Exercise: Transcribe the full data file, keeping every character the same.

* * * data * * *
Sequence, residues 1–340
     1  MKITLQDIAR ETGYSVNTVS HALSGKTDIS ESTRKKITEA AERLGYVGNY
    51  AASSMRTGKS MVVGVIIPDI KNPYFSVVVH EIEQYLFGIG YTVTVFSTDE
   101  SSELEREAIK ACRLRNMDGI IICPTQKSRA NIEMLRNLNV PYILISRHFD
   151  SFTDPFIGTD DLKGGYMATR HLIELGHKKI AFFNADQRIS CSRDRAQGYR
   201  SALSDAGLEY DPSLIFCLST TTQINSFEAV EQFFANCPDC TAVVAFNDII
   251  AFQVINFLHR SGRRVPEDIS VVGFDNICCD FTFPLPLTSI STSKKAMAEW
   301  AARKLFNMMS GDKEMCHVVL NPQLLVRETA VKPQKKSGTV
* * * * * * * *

Sequence, residues 1–340
     1  MKITLQDIAR ETGYSVNTVS HALSGKTDIS ESTRKKITEA AERLGYVGNY
    51  AASSMRTGKS MVVGVIIPDI KNPYFSVVVH EIEQYLFGIG YTVTVFSTDE
   101  SSELEREAIK ACRLRNMDGI IICPTQKSRA NIEMLRNLNV PYILISRHFD
   151  SFTDPFIGTD DLKGGYMATR HLIELGHKKI AFFNADQRIS CSRDRAQGYR
   201  SALSDAGLEY DPSLIFCLST TTQINSFEAV EQFFANCPDC TAVVAFNDII
   251  AFQVINFLHR SGRRVPEDIS VVGFDNICCD FTFPLPLTSI STSKKAMAEW
   301  AARKLFNMMS GDKEMCHVVL NPQLLVRETA VKPQKKSGTV